Brach’s major-league debut came last August and didn’t make headlines. The lack of attention he garnered is no surprise, but Brach reaching the majors at all might be one. Not only does Brach hail from a northern state (New Jersey) and a non baseball-factory university (Monmouth University, home to one other major-leaguer—Ed Halicki), he was also a 42nd-round selection. Brach doesn’t require sympathy since he has enough skills to project as a future late-innings reliever. Start with the 6-foot, 6-inch frame and the arm strength that allows him to toss 96-mph fastballs, add in a funky delivery, and a usable splitter and slider combination and you have a solid relief prospect. Then watch Brach and realize that, as Jason Parkswrote, Brach has the mental toughness to pitch in the majors, and it’s clear that Padres fans could see at-bats like this one, against Andre Ethier, for a few years to come:
Bidding early on a freshly minted closer like Hector Santiago is warranted.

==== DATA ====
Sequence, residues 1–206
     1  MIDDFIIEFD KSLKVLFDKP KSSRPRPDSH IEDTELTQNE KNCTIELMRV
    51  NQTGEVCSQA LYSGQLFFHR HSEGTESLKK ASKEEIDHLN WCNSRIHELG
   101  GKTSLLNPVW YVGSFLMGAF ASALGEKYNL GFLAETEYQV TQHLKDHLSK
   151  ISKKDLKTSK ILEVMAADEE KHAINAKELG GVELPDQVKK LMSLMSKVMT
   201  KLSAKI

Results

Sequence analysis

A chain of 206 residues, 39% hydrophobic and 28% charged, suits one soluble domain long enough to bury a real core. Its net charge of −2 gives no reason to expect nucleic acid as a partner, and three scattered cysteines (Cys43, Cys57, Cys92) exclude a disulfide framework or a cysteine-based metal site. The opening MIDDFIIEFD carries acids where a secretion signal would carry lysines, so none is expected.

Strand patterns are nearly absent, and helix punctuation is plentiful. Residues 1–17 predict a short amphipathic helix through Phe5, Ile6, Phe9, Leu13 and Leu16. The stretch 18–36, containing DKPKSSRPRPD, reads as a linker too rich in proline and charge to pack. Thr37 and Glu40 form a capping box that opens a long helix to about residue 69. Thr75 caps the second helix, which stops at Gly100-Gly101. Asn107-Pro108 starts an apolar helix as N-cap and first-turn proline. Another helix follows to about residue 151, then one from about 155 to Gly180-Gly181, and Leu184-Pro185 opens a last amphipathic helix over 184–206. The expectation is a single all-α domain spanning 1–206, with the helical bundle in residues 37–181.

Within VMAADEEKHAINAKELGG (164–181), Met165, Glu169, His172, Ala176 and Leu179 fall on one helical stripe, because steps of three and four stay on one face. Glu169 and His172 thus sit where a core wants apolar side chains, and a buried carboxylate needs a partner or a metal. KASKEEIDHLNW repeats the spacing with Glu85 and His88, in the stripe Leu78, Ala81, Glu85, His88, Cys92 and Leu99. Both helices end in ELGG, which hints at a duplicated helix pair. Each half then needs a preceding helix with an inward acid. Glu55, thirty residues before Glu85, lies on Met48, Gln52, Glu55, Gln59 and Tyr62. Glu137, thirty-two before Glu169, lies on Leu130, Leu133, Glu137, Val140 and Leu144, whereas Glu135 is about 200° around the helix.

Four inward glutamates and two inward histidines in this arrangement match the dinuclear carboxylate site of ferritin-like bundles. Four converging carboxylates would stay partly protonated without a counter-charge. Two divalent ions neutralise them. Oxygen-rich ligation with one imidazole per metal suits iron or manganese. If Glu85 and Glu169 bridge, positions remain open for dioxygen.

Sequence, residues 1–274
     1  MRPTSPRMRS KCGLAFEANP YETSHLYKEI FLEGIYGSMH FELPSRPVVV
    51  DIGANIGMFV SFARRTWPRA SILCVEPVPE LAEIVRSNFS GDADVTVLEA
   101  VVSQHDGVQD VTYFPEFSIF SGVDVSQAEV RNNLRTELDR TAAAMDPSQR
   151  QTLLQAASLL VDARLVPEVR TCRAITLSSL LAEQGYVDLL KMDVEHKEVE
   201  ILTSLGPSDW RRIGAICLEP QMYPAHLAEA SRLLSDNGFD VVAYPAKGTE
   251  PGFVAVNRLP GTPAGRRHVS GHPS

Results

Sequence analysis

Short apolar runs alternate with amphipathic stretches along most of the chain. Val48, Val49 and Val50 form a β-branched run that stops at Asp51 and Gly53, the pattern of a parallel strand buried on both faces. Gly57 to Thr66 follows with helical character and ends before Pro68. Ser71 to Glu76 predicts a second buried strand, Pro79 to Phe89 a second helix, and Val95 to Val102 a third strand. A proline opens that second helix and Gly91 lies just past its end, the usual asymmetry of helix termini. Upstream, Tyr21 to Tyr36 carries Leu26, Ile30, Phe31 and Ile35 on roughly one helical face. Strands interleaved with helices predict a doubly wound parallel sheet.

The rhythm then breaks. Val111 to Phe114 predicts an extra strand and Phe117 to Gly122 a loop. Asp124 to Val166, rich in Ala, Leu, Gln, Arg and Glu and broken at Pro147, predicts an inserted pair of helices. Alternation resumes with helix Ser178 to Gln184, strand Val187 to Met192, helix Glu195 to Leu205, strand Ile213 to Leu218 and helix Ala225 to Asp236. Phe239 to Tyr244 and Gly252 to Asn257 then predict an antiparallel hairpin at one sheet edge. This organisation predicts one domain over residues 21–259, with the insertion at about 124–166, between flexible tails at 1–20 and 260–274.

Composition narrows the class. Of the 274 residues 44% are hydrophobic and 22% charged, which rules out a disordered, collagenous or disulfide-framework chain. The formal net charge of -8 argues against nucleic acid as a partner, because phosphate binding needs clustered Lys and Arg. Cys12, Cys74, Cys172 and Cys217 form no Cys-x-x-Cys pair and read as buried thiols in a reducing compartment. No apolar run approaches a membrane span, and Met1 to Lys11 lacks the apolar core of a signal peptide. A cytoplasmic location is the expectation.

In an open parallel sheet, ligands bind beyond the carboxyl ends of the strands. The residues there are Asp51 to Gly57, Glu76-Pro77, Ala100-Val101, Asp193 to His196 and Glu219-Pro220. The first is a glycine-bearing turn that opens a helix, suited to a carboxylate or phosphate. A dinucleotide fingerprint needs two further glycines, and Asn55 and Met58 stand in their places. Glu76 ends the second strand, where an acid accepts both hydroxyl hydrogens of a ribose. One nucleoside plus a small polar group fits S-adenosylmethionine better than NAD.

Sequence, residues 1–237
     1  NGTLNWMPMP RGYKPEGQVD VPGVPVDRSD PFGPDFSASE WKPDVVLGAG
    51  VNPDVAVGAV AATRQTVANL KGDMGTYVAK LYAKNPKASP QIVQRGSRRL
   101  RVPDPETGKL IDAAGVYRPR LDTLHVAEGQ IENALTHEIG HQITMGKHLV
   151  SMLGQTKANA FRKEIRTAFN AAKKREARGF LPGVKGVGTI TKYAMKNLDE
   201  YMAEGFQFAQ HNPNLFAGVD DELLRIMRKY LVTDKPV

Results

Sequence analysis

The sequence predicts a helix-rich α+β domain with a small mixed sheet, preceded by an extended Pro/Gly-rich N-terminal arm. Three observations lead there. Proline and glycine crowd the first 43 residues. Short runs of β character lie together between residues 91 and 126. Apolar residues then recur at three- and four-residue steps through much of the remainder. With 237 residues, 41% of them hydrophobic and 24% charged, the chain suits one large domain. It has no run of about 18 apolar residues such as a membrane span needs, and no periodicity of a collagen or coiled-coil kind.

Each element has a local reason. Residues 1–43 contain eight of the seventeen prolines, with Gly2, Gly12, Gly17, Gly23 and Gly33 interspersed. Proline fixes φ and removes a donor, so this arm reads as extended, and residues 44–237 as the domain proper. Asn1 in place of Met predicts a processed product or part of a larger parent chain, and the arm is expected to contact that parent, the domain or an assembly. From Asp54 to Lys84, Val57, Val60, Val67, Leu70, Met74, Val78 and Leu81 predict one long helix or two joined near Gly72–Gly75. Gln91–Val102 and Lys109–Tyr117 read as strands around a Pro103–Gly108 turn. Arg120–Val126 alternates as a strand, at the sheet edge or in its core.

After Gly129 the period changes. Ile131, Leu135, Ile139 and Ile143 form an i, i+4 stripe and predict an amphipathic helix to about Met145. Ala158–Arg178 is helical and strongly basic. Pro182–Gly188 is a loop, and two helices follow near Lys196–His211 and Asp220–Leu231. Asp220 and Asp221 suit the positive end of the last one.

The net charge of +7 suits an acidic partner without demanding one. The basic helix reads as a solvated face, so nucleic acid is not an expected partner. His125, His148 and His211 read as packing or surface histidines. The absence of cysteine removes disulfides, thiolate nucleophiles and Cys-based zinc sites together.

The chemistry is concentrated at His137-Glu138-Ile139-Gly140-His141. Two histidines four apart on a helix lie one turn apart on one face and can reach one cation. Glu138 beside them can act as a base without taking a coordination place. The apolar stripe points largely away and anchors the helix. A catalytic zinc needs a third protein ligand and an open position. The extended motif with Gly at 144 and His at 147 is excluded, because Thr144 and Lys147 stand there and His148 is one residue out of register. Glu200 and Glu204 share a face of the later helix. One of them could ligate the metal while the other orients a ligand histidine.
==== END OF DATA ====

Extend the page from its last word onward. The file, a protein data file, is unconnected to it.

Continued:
One of the most important skills a fantasy player can develop is the ability to manage his Free Agent Acquisition Budget (FAAB). Fantasy players put a lot of emphasis on the draft—and rightfully so—but FAAB bidding often gets unduly overlooked.
I bring up this topic today because, despite our being less than a week into the season, there is an important decision facing fantasy owners. On Saturday night, the speculation over who would win the White Sox-closer gig came to an end, when manager Robin Ventura handed the ball to rookie reliever Hector Santiago in the ninth inning with the team up 4-3. And if there was any ambiguity left, Ventura confirmed verbally that Santiago was indeed the team’s sole closer.
Bill Stoneman and Mike Scioscia get rewarded for 2002. The Indians and Rangers swap pitching prospect for hitting prospect. The Yankees grab Armando Benitez in a non-Sierran move. The Jays get a steal in Stewart-for-Kielty. These and other tidbits, plus a full array of Kahrlisms, in this edition of Transaction Analysis.
The White Sox begin the summer trading season with a bang; the Reds make a great acquisition in D'Angelo Jimenez; Josh Beckett is unleashed from the DL in Florida; and the Royals take a flyer on a man named Gookie (remember him?). All this and much more news from around the league in your Wednesday edition of Transaction Analysis.
The Snakes bury John Patterson, the Red Sox sort through a batch of soft tossers, the Marlins vie for a 25-catcher roster, and the Devil Rays solve all their problems by grabbing Al Martin and Damion Easley.